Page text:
Is there love in learning?

By Associate Professor Beena Giridharan

No man can reveal to you aught but that which already lies half asleep in the dawning of your knowledge. The teacher who walks in the shadow of the temple, among his followers, gives not of his wisdom but rather of his faith and his lovingness – so enthused Kahlil Gibran while expressing his poetic thoughts on teaching in his book ‘The Prophet’.

So how do teachers or educators lead learners along sacred paths towards creating their own wisdom?

According to Plato, knowledge demands an emotional response and should stimulate love. This revelation may indeed startle most students and some teachers alike. And not all students may agree with what Shakespeare wondrously exclaimed “O this learning, what a thing it is!”

The pursuit of knowledge can only be cultivated by those who understand its significance, and therein lays the challenge. While we may never be able to underestimate the power that rests with teachers and educators in creating lasting impressions on student minds, what we need to ensure is that educators are equipped with the skills and knowledge that they can rely on to motivate learners to aspire towards greater heights.

The ages of students notwithstanding, the impact that educators have on their wards remains long after the acquaintance is made. Sometimes educators may even be pleasantly surprised to receive messages from students who profess that they have had some role in shaping their student’s character or contributing to their growth. The genuine acknowledgement and even reverence teachers receive throughout their careers from appreciative students is testimony to the deep influences they have on them.
Higher education is said to celebrate the life of the mind. At entry point, most tertiary students, excluding mature learners, are adolescents and understanding adolescent minds can be quite complex as they have multiple perspectives and do not respond uniformly to teaching approaches taken.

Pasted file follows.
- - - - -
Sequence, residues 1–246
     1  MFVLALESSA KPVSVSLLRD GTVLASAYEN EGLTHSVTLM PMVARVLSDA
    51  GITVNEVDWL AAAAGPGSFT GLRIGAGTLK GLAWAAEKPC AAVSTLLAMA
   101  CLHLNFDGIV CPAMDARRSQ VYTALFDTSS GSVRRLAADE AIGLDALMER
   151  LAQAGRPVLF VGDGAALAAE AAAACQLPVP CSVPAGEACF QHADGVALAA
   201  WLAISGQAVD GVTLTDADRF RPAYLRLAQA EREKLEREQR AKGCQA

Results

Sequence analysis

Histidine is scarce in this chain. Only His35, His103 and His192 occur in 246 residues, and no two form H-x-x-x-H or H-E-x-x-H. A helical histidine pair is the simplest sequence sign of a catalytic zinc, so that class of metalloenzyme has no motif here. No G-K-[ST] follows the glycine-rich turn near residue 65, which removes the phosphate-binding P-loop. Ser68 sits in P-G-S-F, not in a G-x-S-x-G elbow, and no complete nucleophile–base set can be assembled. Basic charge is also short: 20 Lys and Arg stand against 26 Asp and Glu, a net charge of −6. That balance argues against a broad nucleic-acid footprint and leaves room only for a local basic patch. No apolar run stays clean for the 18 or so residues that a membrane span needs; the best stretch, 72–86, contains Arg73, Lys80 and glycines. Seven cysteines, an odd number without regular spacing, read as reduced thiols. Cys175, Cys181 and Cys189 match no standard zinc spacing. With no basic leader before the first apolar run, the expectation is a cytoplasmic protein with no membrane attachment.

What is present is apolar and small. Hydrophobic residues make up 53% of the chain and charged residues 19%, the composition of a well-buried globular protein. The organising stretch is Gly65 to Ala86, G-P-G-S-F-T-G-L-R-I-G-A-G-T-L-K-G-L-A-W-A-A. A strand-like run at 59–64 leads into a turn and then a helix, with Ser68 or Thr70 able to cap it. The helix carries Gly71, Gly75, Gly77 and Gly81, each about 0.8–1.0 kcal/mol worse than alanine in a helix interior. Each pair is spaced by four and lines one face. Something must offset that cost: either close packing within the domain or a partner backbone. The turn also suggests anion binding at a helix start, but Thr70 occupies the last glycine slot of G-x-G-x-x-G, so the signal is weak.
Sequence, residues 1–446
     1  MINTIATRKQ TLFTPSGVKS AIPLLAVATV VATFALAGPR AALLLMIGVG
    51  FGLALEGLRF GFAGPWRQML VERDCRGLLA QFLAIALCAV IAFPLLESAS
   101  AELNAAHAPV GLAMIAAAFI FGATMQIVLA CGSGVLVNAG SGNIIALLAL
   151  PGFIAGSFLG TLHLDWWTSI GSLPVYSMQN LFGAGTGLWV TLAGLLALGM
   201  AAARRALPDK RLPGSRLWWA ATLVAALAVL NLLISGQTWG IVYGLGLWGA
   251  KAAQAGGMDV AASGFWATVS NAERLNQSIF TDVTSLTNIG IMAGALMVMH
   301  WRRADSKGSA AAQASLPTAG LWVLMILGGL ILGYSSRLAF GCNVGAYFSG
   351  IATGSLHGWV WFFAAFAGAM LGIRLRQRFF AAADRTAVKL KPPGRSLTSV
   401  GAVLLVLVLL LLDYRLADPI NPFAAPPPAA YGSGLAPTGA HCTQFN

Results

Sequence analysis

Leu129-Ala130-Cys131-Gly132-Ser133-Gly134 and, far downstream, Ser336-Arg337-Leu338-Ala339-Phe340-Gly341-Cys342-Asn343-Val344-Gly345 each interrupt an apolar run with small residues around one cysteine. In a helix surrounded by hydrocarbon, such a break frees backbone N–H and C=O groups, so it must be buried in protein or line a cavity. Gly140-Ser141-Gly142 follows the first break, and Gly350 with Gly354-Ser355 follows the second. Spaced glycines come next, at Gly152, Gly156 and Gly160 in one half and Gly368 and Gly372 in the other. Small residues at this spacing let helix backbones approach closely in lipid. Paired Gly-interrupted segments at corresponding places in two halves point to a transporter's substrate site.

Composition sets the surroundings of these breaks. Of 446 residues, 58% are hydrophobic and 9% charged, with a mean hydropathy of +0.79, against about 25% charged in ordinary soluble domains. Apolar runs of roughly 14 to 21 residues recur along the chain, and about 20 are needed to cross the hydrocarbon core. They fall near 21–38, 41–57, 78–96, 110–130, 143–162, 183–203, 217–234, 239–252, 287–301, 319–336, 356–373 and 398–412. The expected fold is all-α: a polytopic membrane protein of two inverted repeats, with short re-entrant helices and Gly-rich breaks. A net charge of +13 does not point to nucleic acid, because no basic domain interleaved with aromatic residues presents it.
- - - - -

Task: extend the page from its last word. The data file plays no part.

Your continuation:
The beliefs that students hold, particularly about themselves and their abilities, the strategies they resort to in academic situations and the support they receive from adults have profound effects over their success. Adolescent learning involves interactive, purposeful, and meaningful engagement. Adolescents need to be respected, supported, and mentored to be transformed into rational, caring adults. Learners respond positively to teachers who respect differences, create caring classroom communities and are considerate, in addition to being subject experts.

Then, there are statements you hear occasionally from within academia, such as “Students these days can barely read… they can’t write coherently… they don’t respect authority… they really can’t be helped”. This is generally termed ‘student bashing’ and is ingrained by misunderstanding.

Nevertheless, if colleagues share problems encountered in classrooms and learning environments or ask for advice from more experienced colleagues on how they should respond to attitudes of indifference or disinterest among students, there is an acknowledgement that both students and staff can transform and advance, and have the potential to grow.

There is a creation of a community of practice where colleagues work together on action research projects delving into problems encountered with student learning, which subsequently leads to problem solving and better understanding of pedagogy and practice.